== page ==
Characteristic

Frequency (n %)

Female

259(68)

Male

121 (32)

Marital status

Widowed

164 (43)

Married

119 (31)

Divorced

89 (23)

Single

8 (2)

Education

None

64 (17)

Primary

243 (64)

Secondary

57 (15)

Tertiary

16 (4)

Employment status

Formal

      13 (3)

Casual labor

139 (37)

Business

       88 (23)

Not employed

134 (35)

Monthly expenditure (UGX)

≤50,000

163 (42)

60,000-100,000

68 (17)

110,000-200,000

       32 (8)

>200,000

42 (11)

Table 1: Table of Demographic characteristics at baseline. 

 

QoL

 

Frequency (n %)

95% Confidence interval

Lower limit (%)    Upper limit (%)

Health related

Good

53 (14)

 

 

Poor

327 (86)

82

89

Social economic

Good

37 (10)

 

 

Poor

343 (90)

86

93

Psychosocial

Good

66 (17)

 

 

Poor

314 (83)

78

86

Table 2: Older person’s quality of life as shown on the OPQOL- 35 questionnaire.

Good QoL = Any score between 35 and 105 on the OPQOL questionnaire

Poor QoL = Any score above 105 on the OPQOL questionnaire 

Characteristic

Health related QoL

 

Socioeconomic QoL

 

 

Good

Poor

P-value

Good

Poor

P-value

Sex

 

 

0.024*

 

 

0.410

Female

29 (54.7)

230 (70.3)

 

23 (62.2)

236 (68.8)

 

Male

24 (45.3)

97 (29.7)

 

14 (37.8)

107 (31.2)

 

Marital status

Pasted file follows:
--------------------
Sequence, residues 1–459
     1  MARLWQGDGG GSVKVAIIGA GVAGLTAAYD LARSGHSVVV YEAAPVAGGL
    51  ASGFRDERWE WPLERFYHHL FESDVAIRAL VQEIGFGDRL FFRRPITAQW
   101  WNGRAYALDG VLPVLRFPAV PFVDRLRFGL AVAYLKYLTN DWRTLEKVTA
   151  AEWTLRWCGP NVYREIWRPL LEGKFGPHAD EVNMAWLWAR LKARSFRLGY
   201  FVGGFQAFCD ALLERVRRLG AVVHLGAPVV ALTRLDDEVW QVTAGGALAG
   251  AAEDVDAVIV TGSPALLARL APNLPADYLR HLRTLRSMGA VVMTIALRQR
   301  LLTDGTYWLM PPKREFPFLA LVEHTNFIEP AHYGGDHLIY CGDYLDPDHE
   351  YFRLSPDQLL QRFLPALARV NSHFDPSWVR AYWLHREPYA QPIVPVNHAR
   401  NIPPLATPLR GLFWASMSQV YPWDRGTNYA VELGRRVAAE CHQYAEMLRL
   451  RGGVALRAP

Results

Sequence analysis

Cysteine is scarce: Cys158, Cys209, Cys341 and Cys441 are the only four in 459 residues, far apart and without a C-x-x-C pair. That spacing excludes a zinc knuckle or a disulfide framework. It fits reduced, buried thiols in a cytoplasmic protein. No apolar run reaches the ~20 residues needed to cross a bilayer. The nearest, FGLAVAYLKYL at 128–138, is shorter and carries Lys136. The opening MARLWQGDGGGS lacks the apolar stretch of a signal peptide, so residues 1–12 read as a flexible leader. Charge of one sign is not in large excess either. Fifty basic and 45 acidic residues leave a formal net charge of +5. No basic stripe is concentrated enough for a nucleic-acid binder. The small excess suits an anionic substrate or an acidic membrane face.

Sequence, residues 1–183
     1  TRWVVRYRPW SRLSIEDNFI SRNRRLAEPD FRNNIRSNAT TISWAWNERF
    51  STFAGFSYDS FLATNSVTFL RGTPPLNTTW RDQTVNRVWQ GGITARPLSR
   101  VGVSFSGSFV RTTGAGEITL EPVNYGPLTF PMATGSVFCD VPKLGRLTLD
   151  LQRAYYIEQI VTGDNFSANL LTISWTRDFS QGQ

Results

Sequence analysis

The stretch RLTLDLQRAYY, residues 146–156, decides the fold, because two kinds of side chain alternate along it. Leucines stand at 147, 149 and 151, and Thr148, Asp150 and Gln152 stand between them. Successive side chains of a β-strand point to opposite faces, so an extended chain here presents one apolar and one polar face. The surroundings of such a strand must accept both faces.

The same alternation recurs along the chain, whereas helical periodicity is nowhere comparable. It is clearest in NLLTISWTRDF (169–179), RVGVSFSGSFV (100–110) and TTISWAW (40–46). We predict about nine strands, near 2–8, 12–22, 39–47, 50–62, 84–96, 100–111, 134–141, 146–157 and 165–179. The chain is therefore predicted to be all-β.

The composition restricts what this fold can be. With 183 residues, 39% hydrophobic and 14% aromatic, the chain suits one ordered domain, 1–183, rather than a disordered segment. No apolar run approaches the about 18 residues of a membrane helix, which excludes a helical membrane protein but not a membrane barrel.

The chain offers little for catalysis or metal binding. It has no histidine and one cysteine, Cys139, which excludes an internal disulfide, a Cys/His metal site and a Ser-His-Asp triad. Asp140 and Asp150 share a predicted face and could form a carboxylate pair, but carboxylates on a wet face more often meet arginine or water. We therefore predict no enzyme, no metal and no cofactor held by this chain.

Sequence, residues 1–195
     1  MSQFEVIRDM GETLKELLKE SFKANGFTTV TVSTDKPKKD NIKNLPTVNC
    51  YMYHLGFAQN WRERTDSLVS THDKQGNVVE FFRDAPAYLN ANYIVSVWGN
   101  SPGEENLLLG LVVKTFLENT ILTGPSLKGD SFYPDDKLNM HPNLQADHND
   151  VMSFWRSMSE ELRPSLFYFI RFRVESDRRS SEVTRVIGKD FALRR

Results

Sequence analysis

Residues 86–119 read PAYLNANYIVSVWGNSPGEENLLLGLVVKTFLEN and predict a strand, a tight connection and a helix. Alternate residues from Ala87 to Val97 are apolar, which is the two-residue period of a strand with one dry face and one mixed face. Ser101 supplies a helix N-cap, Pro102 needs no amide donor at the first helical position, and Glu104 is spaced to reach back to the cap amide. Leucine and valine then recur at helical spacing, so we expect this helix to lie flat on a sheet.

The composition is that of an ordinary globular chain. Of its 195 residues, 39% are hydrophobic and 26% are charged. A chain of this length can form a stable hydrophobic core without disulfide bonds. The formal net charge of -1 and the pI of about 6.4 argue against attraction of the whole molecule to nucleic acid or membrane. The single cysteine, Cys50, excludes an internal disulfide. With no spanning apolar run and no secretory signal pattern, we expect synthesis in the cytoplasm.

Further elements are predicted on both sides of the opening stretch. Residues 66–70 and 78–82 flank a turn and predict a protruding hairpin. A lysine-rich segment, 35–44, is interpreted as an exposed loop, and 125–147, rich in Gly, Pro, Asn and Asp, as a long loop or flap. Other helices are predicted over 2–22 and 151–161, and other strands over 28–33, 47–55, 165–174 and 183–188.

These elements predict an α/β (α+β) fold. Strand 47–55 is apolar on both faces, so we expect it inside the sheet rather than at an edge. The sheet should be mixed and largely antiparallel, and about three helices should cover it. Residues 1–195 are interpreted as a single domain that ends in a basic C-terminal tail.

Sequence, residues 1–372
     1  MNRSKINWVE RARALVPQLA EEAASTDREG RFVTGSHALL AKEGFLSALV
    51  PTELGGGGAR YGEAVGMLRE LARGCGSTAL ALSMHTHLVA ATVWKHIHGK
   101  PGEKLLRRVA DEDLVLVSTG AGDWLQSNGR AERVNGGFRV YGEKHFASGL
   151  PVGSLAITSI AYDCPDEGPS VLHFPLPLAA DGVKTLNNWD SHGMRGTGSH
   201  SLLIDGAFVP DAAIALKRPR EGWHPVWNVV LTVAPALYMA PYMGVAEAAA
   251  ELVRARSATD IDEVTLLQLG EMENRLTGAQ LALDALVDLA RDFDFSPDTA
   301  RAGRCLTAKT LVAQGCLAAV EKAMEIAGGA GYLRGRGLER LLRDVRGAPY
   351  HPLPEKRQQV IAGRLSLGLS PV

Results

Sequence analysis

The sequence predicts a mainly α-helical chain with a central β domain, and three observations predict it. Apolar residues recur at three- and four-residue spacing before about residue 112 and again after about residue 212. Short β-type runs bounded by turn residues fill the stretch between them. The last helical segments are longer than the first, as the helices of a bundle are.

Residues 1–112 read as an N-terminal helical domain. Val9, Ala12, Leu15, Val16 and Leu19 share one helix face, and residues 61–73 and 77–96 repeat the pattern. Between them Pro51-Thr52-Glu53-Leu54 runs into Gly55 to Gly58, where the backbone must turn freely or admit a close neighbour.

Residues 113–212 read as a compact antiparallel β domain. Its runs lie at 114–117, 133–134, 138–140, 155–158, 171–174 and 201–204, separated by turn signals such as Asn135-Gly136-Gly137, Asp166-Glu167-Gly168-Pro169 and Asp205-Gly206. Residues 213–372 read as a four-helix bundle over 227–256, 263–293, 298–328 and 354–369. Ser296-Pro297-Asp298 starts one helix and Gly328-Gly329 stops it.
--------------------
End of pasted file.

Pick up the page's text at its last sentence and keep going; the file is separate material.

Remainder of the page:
0.060

 

 

0.056

Widowed

17 (32.1)

147 (44.9)

 

13 (35.1)

151 (44.0)

 

Married

25 (47.2)

94 (28.8)

 

19 (51.4)

100 (29.2)

 

Divorced

11 (20.8)

78 (23.8)

 

     5 (13.5)

84 (24.5)

 

Single

0

     8 (2.5)

 

     0

8 (2.3)

 

Education

 

 

0.001*

 

 

0.005*

None

5 (9.4)

59 (18.0)

 

8 (21.6)

56 (16.3)

 

Primary

27 (50.9)

216 (66.1)

 

16 (43.2)

227 (66.2)

 

Secondary

16 (30.2)

41 (12.5)

 

8 (21.6)

46 (14.3)

 

Tertiary

5 (9.4)

     11 (3.4)

 

5 (13.5)

     11 (3.2)

 

Employment status

 

 

0.023*

 

 

0.010*

Formal

1 (1.9)

    12 (3.7)

 

4 (11.1)

9 (2.7)

 

Casual labor

26 (49.1)

113 (35.2)

 

13 (36.1)

126 (37.3)

 

Business

16 (30.2)

72 (22.4)

 

12 (33.3)

76 (22.5)

 

Not employed

10 (18.9)

124 (38.6)

 

7 (19.4)

127 (37.6)

 

Monthly expenditure (UGX)

 

 

0.003*